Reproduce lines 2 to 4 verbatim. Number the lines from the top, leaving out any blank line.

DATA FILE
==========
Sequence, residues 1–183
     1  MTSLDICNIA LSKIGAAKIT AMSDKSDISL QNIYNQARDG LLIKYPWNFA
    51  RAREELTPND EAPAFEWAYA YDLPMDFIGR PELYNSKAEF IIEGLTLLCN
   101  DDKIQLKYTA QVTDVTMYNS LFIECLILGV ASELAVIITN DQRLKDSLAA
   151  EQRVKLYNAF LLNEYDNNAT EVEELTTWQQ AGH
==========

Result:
     1  MTSLDICNIA LSKIGAAKIT AMSDKSDISL QNIYNQARDG LLIKYPWNFA
    51  RAREELTPND EAPAFEWAYA YDLPMDFIGR PELYNSKAEF IIEGLTLLCN
   101  DDKIQLKYTA QVTDVTMYNS LFIECLILGV ASELAVIITN DQRLKDSLAA